Essay on Aquinas vs. Augustine on Their Varying Views of Women

1845 Words May 31st, 2011 8 Pages
Aquinas vs. Augustine on their varying views of women. St Thomas Aquinas and St Augustine of Hippo are considered to be two of the greatest Christian theologians in the history of Christianity. Both of these men are apart of the same organization, the Church. Just by this fact it would be easy to assume that they agree on all major issues of the day but this is not the case. They have completely differing views with respect to women in secular and religious life corresponding with the idea of original sin, human sexuality, and social roles. Even in the modern Catholic Church they are still regarded as two of the most important doctors of the church despite their different teachings on key important aspects of leading a Christian life. …show more content…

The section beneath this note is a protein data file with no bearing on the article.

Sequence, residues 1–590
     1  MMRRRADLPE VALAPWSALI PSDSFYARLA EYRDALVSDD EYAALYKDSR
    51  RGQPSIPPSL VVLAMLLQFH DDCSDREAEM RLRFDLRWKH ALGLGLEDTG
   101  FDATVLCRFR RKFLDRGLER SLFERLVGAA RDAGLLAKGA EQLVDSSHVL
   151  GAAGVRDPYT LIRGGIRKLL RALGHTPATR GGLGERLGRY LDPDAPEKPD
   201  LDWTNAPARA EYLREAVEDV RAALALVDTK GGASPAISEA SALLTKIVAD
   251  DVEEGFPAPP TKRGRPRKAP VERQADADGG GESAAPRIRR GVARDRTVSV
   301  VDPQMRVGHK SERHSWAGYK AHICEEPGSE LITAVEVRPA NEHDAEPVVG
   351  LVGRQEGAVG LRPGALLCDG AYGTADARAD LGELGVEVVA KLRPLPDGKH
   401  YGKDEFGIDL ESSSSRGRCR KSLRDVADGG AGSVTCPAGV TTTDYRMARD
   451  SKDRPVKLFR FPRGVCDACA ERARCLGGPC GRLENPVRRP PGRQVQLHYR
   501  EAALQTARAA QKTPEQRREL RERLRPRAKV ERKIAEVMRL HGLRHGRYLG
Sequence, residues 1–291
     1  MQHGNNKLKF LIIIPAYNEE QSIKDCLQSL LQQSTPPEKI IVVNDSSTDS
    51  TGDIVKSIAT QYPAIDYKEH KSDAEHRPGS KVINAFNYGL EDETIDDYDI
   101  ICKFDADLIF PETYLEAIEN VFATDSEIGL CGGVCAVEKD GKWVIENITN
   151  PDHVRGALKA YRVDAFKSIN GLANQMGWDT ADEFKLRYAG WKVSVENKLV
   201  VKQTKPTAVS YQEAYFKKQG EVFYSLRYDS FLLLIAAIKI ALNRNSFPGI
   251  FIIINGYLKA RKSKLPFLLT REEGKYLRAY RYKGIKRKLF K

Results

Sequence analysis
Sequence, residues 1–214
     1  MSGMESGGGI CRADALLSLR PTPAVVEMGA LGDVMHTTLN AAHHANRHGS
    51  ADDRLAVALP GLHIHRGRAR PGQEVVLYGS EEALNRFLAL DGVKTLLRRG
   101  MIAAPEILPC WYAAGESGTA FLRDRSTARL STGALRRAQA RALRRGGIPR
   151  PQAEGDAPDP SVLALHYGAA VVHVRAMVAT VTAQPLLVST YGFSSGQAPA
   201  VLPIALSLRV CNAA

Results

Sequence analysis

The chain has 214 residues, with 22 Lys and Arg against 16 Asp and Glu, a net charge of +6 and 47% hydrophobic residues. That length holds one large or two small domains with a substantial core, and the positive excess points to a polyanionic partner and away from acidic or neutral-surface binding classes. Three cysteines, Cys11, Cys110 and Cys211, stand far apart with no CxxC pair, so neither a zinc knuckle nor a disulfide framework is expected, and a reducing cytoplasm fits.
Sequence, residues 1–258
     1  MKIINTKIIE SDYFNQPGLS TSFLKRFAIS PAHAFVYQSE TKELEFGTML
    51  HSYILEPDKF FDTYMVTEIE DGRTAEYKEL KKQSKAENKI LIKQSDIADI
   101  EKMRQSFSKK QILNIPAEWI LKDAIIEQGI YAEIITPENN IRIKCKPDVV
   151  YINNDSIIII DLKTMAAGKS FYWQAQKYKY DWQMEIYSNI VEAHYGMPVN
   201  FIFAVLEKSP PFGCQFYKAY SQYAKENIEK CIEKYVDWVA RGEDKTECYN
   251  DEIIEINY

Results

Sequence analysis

In a different aspect, Augustine believes that human sexuality is dirty. His writing is in favor of rejecting his own sexual nature to live a life away from woman altogether. In his writing he always uses negative language to talk about sexuality. He writes about a dream. He sees Continence and she says to him a quote from the Psalms “Close your ears to the unclean whispers of your body, so that it may be mortified. It tells you of things that delight you, but not such things as the law of the Lord your God has to tell” (Confessions, 176). These sexual temptations are impure, and disordered. He has to turn away from all things sexual. Through all his giving in to temptation in life he pulls a 180-degree turn once he converts and believes that he should never be with another woman again. He runs away from the general population and hides away in a monastery for the rest of his life. He changes from not being able to wait two years for a wife to have sex, to giving up sex forever. He feels like he had been greedy in the first part of his life and that the latter part should be given up to God. “…no bodily pleasure, however great it might be and whatever earthly light might shed luster upon it, was worthy of comparison…beside the happiness of the life of the saints” (Confessions, 197). Aquinas believes that human sexuality is innocent. He argues against

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